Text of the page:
Philippines state climate bureau on Friday warned two to three tropical cyclones may enter the country’s weather monitoring area in December, local media reported.
The Philippine Atmospheric, Geophysical and Astronomical Services Administration (PAGASA) said there will still be a short reprieve in rainy weather until early next week, but it expected no weather disturbance in the next three to five days, according to CNN Philippines.
“Over the weekend, most of the country will experience generally fair weather," the daily quoted Ariel Rojas, a weather specialist, as saying.
A series of typhoons recently hit the Island of Luzon, where the capital Manila is located, and several areas, killing dozens of people and leaving a million others displaced.
Typhoons cause $415M damage
Agriculture damage from recent typhoons surpassed $250 million and infrastructure damage stood at $165 million, according to a report by the United Nations Office for the Coordination of Humanitarian Affairs.
European Union announced on Friday it is donating €1.05 million ($1.2 million) in humanitarian aid to the victims of Typhoon Ulysses, the Philippines News Agency reported.
The report said this came after recent donation of €1.3 million ($1.5 million) to support families affected by Super Typhoon Rolly, raising its total contribution to Manila’s disaster response to €2.35 million ($2.7 million) as of Nov 20.
“The EU is scaling up its humanitarian assistance in the Philippines in response to the devastating typhoons that have hit the country over the past month,” said Arlynn Aquino, who oversees the EU’s humanitarian response in the country, as quoted by the agency.
Aquino said the additional contribution will help get the much-needed aid to the most vulnerable people in this difficult time.
The fresh funding will support humanitarian aid partners who are already on the ground to respond to the immediate needs, including shelter, food, health care, and access to clean water, safe sanitation and good hygiene, the report said.
Rice produce badly hit
Meanwhile, the government planned to import more rice next year as the consecutive typhoons are projected to negatively impact the ability to produce the main staple, according to local newspaper the Philstar.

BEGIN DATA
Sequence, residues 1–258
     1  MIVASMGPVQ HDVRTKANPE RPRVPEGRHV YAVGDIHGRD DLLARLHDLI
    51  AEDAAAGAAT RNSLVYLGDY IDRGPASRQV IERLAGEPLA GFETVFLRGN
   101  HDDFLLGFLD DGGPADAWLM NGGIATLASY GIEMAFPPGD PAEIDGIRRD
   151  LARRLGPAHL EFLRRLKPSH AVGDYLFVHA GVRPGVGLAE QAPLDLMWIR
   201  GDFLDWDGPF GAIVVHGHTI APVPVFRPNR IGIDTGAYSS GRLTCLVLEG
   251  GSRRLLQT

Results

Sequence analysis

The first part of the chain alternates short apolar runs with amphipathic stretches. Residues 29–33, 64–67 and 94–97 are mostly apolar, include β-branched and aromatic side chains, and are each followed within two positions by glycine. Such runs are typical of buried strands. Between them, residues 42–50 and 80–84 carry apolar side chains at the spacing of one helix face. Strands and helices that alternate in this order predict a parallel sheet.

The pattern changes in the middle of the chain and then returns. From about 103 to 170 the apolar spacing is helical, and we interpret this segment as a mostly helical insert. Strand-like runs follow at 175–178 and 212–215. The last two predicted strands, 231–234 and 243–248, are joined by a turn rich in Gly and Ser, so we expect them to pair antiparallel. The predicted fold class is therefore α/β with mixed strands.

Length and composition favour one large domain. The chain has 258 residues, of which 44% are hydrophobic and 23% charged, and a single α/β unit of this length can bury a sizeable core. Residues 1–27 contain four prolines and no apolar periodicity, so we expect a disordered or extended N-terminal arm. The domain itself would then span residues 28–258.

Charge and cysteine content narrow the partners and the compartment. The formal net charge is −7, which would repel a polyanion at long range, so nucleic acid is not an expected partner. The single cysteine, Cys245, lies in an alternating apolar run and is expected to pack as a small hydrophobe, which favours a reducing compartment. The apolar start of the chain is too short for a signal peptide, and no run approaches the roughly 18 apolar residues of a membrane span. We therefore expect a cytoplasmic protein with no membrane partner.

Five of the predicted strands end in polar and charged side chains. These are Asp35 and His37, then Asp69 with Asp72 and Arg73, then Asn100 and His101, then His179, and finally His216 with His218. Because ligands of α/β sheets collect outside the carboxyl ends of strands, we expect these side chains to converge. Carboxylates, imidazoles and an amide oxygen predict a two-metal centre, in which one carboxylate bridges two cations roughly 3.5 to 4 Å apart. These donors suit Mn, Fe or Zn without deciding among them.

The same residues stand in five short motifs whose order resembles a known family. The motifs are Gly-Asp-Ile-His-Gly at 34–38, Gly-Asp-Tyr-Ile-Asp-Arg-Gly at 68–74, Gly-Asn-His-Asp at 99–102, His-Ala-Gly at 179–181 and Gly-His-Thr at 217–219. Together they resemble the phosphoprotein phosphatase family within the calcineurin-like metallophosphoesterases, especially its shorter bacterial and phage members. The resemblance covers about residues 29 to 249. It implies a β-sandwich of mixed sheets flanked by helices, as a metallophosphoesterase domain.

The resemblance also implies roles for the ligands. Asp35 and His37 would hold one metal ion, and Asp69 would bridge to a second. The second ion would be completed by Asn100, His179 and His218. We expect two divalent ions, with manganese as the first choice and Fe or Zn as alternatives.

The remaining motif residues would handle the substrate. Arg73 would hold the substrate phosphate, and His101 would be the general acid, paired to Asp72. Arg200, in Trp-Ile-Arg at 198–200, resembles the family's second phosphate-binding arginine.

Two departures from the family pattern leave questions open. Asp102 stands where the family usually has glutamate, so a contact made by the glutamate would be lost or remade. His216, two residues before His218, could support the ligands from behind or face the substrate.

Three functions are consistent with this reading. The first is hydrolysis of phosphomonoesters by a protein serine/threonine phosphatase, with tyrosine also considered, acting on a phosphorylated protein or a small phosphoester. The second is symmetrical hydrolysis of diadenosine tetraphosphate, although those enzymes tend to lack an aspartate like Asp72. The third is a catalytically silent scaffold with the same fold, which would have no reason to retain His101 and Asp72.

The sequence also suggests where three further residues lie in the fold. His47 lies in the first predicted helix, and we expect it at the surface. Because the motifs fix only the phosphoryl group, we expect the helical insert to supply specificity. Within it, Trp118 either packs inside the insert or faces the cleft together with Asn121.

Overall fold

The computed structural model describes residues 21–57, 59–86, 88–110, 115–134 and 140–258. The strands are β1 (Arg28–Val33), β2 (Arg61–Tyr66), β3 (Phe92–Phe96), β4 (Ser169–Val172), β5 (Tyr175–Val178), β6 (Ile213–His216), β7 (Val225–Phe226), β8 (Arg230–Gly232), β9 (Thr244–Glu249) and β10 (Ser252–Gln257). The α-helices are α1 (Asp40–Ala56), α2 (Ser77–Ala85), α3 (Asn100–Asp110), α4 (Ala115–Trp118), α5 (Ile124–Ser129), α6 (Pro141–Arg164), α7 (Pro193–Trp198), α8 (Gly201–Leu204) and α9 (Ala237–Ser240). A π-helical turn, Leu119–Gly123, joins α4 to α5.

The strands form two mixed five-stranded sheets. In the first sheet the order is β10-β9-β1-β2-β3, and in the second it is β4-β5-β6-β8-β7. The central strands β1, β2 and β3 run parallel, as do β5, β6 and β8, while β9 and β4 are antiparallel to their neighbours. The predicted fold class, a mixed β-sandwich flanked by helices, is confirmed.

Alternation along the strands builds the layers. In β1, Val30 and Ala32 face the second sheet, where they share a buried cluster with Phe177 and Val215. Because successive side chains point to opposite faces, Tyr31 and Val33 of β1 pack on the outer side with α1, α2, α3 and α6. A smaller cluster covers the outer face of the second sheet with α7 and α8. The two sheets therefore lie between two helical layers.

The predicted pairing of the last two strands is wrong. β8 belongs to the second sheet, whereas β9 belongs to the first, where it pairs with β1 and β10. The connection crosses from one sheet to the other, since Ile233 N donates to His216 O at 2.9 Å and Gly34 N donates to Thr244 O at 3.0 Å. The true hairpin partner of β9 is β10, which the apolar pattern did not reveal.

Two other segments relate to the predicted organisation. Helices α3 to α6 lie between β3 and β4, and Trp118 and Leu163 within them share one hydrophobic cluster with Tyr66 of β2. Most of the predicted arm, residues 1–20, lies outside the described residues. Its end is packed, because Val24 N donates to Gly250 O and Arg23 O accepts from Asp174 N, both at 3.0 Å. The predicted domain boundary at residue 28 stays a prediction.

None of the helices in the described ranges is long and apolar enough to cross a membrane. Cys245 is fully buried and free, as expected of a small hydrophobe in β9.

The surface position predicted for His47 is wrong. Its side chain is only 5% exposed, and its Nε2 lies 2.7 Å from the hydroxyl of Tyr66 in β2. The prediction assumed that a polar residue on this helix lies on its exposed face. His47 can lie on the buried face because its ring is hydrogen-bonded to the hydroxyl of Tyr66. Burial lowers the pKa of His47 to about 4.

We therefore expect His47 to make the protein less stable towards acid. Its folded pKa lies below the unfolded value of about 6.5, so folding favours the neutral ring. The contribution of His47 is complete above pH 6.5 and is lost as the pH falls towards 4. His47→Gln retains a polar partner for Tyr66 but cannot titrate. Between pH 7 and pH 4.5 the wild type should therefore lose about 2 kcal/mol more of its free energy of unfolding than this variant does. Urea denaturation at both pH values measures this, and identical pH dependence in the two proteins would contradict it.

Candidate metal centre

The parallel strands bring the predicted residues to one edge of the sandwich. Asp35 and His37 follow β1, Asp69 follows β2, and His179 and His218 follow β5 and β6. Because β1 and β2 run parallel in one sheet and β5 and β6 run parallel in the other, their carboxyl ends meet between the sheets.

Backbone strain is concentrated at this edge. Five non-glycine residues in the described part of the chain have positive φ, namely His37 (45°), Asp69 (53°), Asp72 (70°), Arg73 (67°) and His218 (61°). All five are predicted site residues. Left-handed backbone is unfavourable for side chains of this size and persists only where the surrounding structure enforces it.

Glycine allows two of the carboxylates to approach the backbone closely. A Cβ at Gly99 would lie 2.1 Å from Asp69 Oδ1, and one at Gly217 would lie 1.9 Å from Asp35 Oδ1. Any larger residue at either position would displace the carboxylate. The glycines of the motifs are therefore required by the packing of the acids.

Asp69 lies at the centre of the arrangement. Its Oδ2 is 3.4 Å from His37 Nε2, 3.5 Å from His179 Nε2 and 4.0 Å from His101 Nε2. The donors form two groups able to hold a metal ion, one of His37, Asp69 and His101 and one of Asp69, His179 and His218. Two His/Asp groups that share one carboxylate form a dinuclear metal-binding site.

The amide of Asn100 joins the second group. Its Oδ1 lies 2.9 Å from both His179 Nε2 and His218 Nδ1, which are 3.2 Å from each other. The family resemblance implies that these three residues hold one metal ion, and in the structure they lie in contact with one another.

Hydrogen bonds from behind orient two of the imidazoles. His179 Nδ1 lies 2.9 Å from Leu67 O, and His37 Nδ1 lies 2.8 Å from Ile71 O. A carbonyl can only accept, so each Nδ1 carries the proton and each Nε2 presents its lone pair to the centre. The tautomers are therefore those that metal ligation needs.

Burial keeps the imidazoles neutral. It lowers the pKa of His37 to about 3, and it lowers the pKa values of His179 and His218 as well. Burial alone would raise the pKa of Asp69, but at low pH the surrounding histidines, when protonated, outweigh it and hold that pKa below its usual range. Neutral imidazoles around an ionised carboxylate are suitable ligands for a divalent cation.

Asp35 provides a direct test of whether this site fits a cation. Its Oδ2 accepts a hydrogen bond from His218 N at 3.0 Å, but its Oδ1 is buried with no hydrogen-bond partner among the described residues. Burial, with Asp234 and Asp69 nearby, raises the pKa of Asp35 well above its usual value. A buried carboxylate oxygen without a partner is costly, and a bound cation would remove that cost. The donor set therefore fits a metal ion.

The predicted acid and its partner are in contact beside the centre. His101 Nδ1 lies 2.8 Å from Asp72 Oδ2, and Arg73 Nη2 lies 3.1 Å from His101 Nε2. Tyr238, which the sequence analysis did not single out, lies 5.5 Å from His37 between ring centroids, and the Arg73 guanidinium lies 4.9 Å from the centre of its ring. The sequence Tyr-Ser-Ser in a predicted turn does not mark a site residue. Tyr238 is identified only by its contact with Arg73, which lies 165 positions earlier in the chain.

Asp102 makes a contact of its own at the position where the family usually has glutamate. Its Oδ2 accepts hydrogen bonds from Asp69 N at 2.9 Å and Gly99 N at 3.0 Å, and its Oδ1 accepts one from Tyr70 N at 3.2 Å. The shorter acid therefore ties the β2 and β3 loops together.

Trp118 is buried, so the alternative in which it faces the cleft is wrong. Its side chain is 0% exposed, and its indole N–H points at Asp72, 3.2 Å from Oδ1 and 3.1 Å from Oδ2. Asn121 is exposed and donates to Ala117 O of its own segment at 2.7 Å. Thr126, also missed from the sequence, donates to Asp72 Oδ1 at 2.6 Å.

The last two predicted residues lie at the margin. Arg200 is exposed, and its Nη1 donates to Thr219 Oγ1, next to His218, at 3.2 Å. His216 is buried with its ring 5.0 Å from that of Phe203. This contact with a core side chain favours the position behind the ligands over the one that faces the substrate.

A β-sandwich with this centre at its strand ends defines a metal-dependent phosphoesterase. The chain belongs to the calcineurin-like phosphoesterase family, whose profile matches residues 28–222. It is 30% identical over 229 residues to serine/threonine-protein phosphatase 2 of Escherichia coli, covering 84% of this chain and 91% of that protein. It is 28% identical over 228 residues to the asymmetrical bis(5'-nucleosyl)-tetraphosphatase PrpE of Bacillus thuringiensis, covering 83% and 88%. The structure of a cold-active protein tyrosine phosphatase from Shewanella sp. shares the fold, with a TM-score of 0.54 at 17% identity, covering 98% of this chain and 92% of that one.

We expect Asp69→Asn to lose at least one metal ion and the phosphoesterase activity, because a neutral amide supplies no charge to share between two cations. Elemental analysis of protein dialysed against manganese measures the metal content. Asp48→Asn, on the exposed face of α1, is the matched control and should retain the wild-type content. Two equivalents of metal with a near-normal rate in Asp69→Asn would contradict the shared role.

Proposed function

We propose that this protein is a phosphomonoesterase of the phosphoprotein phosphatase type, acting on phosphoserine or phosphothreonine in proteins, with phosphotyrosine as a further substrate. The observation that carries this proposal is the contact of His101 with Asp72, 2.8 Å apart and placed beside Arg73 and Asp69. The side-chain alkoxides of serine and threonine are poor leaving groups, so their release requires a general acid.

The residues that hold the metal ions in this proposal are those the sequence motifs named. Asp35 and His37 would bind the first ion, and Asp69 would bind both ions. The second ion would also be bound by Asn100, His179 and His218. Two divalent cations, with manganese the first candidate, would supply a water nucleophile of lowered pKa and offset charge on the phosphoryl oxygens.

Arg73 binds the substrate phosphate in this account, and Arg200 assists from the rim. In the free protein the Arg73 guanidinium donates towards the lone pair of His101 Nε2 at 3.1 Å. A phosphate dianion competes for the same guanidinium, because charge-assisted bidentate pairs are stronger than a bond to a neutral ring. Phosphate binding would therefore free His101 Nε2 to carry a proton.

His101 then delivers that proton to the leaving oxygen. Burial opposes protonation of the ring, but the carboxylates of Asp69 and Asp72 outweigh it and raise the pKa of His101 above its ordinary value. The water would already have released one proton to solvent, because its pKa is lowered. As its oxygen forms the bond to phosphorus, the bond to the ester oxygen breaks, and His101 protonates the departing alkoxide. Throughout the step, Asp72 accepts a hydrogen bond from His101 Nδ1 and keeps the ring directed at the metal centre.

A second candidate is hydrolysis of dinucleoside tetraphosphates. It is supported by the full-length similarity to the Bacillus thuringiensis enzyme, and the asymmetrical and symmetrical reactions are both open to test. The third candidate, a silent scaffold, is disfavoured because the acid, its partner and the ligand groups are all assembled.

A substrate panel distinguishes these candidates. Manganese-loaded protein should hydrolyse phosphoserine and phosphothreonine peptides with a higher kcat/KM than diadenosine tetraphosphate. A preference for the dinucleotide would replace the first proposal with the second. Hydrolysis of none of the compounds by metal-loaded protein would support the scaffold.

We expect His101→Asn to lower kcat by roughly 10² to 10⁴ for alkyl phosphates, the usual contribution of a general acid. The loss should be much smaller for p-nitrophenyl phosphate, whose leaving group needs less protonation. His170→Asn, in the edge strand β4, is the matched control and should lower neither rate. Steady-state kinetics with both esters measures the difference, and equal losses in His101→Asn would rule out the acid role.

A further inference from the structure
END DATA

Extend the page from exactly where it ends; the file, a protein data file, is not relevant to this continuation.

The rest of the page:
Agriculture Secretary William Dar admitted that the country’s self-sufficiency ratio may decline to 90% in 2021 from the projected 93% this year, which means that 10% of the rice requirement of the population would have to be imported, it said.
“That’s a given because we are not able to produce yet 100% of our requirement. That is the implication. When you are only able to produce 90% of your requirements, then you always have to import the rest from other countries,” the daily quoted the minister as saying.
According to the daily, the recent typhoons wiped out eight days of equivalent rice consumption, which brings the total inventory to about 82 days by January 2021-- a comfortable level considering the continuous arrival of imported rice by the private sector.
The typhoon “Ulysses” hit the country while it was still trying to cope with the devastating impact of the more powerful “Rolly”.
With maximum sustained winds of 155 kph (96 mph), “Ulysses” caused heavy downpours and severe flooding in several provinces in Luzon, damaging more than 65,000 houses.
At least 73 people died and 24 injured, while 19 others remain missing, according to disaster management agency.Anadolu Agency website contains only a portion of the news stories offered to subscribers in the AA News Broadcasting System (HAS), and in summarized form. Please contact us for subscription options.